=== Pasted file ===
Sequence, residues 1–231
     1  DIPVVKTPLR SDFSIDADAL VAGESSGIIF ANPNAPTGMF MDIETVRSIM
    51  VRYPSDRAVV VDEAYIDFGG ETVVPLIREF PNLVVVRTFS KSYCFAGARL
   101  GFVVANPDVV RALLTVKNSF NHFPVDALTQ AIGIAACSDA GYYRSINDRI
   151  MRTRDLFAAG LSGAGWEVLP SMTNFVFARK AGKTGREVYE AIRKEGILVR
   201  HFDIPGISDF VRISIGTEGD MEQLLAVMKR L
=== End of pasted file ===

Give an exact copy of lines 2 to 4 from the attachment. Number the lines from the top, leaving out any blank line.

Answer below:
     1  DIPVVKTPLR SDFSIDADAL VAGESSGIIF ANPNAPTGMF MDIETVRSIM
    51  VRYPSDRAVV VDEAYIDFGG ETVVPLIREF PNLVVVRTFS KSYCFAGARL
   101  GFVVANPDVV RALLTVKNSF NHFPVDALTQ AIGIAACSDA GYYRSINDRI